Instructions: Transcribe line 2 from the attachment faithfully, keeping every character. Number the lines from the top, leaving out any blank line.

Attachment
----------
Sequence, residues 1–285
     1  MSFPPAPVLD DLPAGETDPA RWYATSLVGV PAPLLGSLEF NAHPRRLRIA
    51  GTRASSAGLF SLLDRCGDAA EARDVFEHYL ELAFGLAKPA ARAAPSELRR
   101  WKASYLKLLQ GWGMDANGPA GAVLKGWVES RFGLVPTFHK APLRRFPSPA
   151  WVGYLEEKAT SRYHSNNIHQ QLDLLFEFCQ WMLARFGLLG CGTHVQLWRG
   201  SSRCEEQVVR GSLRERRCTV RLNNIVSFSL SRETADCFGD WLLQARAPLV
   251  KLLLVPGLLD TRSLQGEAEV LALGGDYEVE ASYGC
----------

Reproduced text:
     1  MSFPPAPVLD DLPAGETDPA RWYATSLVGV PAPLLGSLEF NAHPRRLRIA